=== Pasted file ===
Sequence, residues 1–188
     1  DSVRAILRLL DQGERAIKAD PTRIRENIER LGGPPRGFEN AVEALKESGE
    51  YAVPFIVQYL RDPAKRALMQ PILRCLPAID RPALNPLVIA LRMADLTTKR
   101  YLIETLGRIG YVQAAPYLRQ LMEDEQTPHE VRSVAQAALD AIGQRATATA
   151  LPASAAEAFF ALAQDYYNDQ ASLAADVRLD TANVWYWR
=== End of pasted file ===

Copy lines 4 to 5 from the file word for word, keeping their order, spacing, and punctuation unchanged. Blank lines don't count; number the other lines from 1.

   101  YLIETLGRIG YVQAAPYLRQ LMEDEQTPHE VRSVAQAALD AIGQRATATA
   151  LPASAAEAFF ALAQDYYNDQ ASLAADVRLD TANVWYWR